Cultivating trees and using wooden buildings as carbon sinks is a potentially significant strategy, but it raises questions about the environmental impact of timber and forest growth. Hawkins’ [16] comparison of a commercially managed Sitka spruce forest with an unmanaged forest reveals that carbon absorption in newly planted trees begins slowly but increases over time (Figure 4). Unlike unmanaged forests, which reach a peak and stabilize, managed forests continuously accumulate carbon, although with shorter harvesting cycles. Moreover, storing carbon in wood products significantly contributes to overall carbon sequestration, surpassing the levels found in unmanaged forests [17].
Figure 4. Carbon stored in trees and soil for a typical Sitka spruce plantation with a periodic rotation of 50 years, compared to an unmanaged forest (Source: [16]).
In Italy, the importance of sourcing wood from responsibly managed forests is emphasized by CAM Edilizia [18][19][20] regulations, which require sustainable and legal wood sourcing for construction materials. This includes using recycled wood or a combination of recycled and responsibly sourced wood.
Hawkins [16] also conducted a study comparing the environmental impact of different materials for a multi-story structure, following the life-cycle phases outlined in the European standard BS EN 15978:2011. The report shows that the concrete structure solution is the most impacting on the environment, followed by steel and wood. Production emissions for timber products from harvesting, drying, and sawdust are significant and cannot be avoided; in fact, it is better not to build at all than to build a wooden building. In phase B (BS EN 15978:2011), it is possible to appreciate the advantage of the use of wood due to the compensatory carbon credit. Carbon storage is possible because the tree, during its growth, absorbs carbon dioxide, transforms it into carbon, and releases oxygen into the environment. Carbon remains trapped in the tree until it rots or is incinerated and then returns to the atmosphere. Building in wood, therefore, means creating a real carbon warehouse, which would otherwise have ended up in the atmosphere once the life of the tree had ended. For the concrete and steel structures, analyzing the phases of use (B) and end of life (C), there are very small changes in the amount of Embodied Carbon, while for the wood solution, the change is remarkable. Despite the large emissions, total carbon is still lower for the wooden building than for concrete and steel ones (Figure 5).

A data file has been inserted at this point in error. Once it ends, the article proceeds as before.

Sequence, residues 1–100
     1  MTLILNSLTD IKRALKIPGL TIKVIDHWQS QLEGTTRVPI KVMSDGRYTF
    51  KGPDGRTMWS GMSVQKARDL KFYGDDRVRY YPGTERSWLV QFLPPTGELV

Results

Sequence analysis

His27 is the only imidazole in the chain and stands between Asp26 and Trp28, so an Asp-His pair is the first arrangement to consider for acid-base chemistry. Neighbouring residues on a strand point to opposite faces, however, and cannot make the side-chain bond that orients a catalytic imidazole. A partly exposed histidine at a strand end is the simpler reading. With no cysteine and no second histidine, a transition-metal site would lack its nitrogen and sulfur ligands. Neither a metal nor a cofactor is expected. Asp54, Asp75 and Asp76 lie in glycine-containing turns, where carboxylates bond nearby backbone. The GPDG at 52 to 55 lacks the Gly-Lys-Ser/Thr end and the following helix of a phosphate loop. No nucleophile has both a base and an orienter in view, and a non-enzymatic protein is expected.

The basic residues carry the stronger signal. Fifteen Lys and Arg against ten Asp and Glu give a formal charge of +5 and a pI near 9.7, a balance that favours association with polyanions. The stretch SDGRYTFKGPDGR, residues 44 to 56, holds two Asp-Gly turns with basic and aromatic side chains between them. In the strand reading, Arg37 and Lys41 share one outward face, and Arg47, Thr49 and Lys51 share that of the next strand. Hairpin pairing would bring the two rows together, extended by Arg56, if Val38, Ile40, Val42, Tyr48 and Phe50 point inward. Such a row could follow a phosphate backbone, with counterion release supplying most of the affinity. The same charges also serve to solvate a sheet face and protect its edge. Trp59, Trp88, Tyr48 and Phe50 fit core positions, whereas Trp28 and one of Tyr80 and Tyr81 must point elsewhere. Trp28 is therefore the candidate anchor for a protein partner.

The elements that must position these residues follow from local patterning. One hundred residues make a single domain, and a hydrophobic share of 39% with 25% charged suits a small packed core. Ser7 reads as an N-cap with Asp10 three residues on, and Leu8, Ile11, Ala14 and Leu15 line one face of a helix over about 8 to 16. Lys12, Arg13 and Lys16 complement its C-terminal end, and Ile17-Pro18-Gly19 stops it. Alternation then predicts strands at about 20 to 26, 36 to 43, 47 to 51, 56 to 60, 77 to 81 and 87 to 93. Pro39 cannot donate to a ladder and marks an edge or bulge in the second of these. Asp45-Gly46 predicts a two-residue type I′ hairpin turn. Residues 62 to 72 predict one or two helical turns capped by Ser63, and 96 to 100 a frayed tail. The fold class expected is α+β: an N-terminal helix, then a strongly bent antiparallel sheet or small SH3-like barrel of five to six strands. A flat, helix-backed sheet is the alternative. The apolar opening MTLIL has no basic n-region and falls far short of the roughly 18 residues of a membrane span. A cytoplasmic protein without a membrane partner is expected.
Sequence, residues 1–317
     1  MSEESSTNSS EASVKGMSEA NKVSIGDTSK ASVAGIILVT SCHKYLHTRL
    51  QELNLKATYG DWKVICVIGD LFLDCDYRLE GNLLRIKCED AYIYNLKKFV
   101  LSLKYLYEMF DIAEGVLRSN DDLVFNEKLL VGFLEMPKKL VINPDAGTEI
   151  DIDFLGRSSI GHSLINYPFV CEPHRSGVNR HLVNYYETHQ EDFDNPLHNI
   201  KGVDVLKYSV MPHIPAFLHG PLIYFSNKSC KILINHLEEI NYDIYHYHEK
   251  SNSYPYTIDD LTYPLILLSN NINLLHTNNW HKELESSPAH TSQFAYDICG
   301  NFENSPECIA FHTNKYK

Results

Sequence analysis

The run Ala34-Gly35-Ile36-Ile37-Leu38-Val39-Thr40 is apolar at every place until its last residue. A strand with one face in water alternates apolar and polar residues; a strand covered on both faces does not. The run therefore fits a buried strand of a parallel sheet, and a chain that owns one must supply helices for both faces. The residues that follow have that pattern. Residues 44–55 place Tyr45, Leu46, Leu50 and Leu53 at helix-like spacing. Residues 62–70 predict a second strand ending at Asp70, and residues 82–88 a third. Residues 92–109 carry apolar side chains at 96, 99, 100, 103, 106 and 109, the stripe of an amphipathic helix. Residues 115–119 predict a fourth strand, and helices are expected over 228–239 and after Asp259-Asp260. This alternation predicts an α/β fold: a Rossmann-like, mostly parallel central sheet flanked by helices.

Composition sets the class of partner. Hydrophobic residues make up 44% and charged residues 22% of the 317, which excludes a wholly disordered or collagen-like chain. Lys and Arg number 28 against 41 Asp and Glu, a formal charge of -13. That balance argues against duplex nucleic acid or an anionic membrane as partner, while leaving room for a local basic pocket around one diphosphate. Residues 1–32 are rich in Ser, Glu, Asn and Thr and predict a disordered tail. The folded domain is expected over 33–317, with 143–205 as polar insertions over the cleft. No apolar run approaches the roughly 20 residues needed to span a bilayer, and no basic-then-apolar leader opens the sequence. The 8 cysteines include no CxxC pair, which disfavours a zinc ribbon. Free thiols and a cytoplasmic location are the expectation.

Figure 5. Comparison of cumulative emissions of embodied carbon for different types of construction (Source: [16]).